There is always an internal vertical 2x4 baton near each side of a window or other wall opening. It attaches to the Cavity Bucking top and bottom using 3" wood screws (and some wood blocking for added strength). The internal vertical 2x4 batons are always on the odd numbered secondary 1 foot markers so they don't interfere with the wall bracing. They will likely not be symmetrical on the window but that's ok. Make the internal vertical 2x4 batons offset in the direction determined by the nearest corner of the complete building.
The internal vertical 2x4 batons for the windows are in addition to the internal vertical 2x4 batons for the walls. When doing the CAD drawing, add the batons and angle bracing for the wall openings in addition to the angled bracing that you will already have added for the wall using the normal rules. The presence of windows, doors, or other wall openings does not reduce the amount of wall bracing or its placement.
Between the two ends of the bucking add internal vertical 2x4 batons at two of the secondary locations. This is to help support the weight of the bucking. Note that the bucking needs to be supported even if the wall bracing is not fitted. The bracing for the bucking starts in its final position rather than in the concrete cavity position.
Elevations and window door openings
In the CAD app, onto the elevation drawings, copy on the standard block elevation library shapes. Use all the rules described above. Make sure it all matches with the plan drawings. Where a standard block will not fit, draw the cut shape with regular lines (using the 2" or 6" EPS CAD layer). Draw on the window and door openings. Do it for the 6" and 2" EPS.
Once all done, turn off all layers apart from the 6" EPS layer and then turn off all layers apart from the 2" EPS layer.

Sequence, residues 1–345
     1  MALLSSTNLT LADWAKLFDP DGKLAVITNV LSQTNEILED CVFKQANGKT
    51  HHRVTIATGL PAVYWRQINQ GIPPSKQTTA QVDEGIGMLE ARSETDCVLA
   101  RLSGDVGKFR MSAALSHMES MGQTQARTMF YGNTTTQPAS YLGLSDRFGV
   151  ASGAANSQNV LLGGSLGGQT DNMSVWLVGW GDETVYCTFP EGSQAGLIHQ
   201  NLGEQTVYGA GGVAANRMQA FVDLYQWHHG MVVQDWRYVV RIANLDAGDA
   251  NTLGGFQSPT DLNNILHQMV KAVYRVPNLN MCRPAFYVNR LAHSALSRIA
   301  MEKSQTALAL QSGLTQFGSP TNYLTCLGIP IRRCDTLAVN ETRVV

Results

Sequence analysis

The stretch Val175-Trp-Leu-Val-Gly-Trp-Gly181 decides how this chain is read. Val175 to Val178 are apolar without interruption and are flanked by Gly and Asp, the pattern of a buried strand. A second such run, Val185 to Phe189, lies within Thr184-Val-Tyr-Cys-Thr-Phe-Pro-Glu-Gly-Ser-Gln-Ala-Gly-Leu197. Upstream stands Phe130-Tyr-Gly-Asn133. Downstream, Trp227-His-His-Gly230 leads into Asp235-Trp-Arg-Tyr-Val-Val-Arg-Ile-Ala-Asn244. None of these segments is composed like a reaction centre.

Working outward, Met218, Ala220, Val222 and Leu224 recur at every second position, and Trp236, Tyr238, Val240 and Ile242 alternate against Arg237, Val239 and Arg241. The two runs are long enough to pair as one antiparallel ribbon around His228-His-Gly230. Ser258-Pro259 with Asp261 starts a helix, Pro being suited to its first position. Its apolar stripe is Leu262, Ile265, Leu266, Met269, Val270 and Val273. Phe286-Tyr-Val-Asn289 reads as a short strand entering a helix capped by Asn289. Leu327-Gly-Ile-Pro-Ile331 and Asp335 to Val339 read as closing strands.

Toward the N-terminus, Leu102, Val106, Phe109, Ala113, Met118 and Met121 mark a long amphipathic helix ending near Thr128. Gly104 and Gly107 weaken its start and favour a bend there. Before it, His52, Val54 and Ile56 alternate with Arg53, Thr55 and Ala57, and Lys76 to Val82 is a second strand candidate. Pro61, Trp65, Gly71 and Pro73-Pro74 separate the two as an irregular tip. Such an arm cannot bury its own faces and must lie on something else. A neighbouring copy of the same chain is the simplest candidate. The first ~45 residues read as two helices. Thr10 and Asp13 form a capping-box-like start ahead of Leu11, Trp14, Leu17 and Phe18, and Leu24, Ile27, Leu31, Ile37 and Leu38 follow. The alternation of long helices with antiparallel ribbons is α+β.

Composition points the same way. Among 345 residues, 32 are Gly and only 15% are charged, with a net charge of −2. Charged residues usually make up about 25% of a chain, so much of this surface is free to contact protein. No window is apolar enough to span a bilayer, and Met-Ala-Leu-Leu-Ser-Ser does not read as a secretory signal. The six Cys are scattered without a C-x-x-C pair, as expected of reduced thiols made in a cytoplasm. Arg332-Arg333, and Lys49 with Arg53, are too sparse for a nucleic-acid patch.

Real CAD example
Here is the CAD drawing for my basement level. It is quite difficult to remember all the rules stated above so it is not a bad idea to take this drawing as a starting point and modify for your own particular house design. (It's better looked at in the CAD app as that also let's you get dimensions of the EPS sheets.)
Note that the EPS sheet lengths shown are for the base row of EPS that goes on the slab and also for the 3rd row. The 6" EPS is 4' high and the 2" EPS is 2' high on the base row. The row above has different lengths in order to produce the staggered join pattern (and both the 2" EPS and the 6" EPS are 4' high sheets).
Here is the CAD version for the 2nd and 4th rows (it's better looked at in the CAD app and that also let's you get dimensions of the EPS sheets).
Here are the CAD drawings that show the window and door openings for the south elevation as well as the tie rod positions.
Buy the materials
The house is built one story (ie one level) at a time, with the concrete ceiling of the house level being done at the same time as the walls for that floor. For each story you need to buy enough 6" and 2" thick EPS sheets for the walls including the portico bases and also buy the Carnation Flooring EPS for the ceiling above. Here's the list of parts needed...
EPS sheet (6")
EPS sheet (2")
1/2" electrical conduit (10' lengths)
3/4" electrical conduit (10' lengths)
3/8" threaded steel rod (10' lengths)
3/8" steel zinc plated nuts
3/8" large steel zinc plated washers (about 1" diameter)
1.5" nylon washers with 3/8" hole
8'x4' plywood 15/32" thick (Nominally 1/2")
8'x4' plywood 3/16" thick (Nominally 1/4")
Foam gap filler
Rebar cable ties 11" (65 lb)
Carnation Flooring EPS cut forms